From Publishers Weekly
In 1914, Katherine Routledge (1866-1935) arrived at Easter Island, leading an anthropological and archeological expedition with her husband, William Scoresby Routledge, to investigate the origins of the island's mysterious giant statues. Although she made several critical discoveries about the Rapa Nui culture during her 17 months of research, the expeditionary force was wracked by internal tensions, and she found herself caught up in a native uprising led by a charismatic prophetess. Van Tilburg, a leading contemporary authority on the Easter Island statues, ably explains Routledge's findings, fitting them in the context of the adventurous chain of events, and shows how they were facilitated by her relationships with the locals. The biography is also excellent in tracing Katherine's obsessive research methods back to her childhood experiences in a wealthy English clan with a history of mental illness. Routledge struggled with symptoms of schizophrenia for most of her life, interpreting the voices in her head with a combination of her family's visionary Quakerism and a belief in communication with the dead. Though Routledge ultimately succumbed to her disease, dying alone in an insane asylum, Van Tilburg carefully shows that the symptoms were under control throughout the Easter Island expedition. Much as A Beautiful Mind did for John Nash, this biography preserves Routledge's invaluable scientific contributions without shying away from the tragic circumstances of most of the rest of her life.
Copyright 2003 Reed Business Information, Inc.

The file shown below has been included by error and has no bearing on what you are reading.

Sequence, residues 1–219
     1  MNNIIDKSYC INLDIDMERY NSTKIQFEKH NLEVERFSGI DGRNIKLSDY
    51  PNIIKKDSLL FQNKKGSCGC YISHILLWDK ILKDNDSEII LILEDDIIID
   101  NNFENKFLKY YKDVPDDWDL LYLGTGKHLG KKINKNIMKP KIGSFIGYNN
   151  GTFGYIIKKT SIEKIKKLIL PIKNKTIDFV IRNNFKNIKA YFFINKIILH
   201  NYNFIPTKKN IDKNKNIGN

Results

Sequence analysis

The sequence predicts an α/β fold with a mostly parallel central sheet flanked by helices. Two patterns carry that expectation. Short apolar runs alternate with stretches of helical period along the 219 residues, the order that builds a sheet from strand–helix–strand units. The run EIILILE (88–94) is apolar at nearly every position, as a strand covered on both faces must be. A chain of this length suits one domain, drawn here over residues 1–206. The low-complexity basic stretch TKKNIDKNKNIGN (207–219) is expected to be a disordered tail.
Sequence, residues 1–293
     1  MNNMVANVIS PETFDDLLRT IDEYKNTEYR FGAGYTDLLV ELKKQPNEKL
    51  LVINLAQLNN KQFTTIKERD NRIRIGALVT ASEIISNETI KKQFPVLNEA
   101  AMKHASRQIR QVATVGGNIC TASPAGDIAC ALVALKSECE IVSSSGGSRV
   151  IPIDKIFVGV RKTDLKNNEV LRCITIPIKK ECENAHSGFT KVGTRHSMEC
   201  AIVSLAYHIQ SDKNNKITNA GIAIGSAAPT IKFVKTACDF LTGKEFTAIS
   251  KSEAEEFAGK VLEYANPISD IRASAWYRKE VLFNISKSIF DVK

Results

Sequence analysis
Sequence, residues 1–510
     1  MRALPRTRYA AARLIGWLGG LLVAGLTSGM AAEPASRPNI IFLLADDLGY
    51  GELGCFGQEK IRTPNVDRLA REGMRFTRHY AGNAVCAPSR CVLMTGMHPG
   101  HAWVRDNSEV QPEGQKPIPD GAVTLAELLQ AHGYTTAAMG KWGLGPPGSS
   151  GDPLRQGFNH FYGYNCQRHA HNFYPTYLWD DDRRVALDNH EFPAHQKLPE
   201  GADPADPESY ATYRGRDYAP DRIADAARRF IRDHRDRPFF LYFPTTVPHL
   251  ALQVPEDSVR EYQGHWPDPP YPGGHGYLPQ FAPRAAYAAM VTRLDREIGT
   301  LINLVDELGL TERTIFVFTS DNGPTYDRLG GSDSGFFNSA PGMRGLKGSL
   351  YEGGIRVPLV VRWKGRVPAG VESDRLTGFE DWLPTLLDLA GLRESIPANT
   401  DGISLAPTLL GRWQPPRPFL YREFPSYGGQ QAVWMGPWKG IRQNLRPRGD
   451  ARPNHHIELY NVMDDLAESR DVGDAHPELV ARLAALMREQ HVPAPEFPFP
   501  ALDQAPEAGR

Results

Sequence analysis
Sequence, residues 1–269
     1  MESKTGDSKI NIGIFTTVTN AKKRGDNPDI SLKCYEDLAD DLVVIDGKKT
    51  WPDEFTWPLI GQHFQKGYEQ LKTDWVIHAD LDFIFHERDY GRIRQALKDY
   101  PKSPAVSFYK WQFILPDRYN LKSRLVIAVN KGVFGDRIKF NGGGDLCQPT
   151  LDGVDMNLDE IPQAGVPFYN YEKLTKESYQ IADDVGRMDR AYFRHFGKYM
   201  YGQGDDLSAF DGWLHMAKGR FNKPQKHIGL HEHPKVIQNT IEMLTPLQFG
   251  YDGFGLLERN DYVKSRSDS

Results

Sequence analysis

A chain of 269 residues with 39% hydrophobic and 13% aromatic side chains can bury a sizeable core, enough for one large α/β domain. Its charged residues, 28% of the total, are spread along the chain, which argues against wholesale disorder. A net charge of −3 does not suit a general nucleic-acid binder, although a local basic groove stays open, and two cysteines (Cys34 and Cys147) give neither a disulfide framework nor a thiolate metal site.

*Starred Review* Englishwoman Katherine Pease Routledge, born in 1866, wanted a life of discovery, not domesticity. Extremely intelligent, curious, diligent, and fearless, she attended Oxford, where women students were barely tolerated, and majored in anthropology. Already hearing voices, the first intimation of the paranoid schizophrenia that would eventually hijack her life, Katherine was at her best while doing fieldwork, first in Africa and then on Easter Island, which became her much loved spiritual home. The story of how Katherine-- forthright, independently wealthy, intrepid, and ambitious--married the scientifically inclined, nomadic, and irascible William Scoresby Routledge and then organized a complicated, contentious, dangerous, and unprecedented expedition to splendidly isolated and enigmatic Easter Island is extraordinary on all fronts. And Van Tilburg, herself an Easter Island expert who has worked with the great-grandson of Juan Tepano, the islander who helped Katherine discern aspects of his culture no outsider ever considered before, tells the extraordinary story of an extraordinary woman extraordinarily well. Animated in her descriptions, sensitive in her insights, and agile in her scientific and cultural knowledge, she brings to life a brilliant and courageous "natural-born ethnographer" whose arduous and groundbreaking fieldwork ascertained the origins of Easter Island's astonishing giant stone statues as well as their surprisingly relevant social and ecological significance. Donna SeamanCopyright © American Library Association. All rights reserved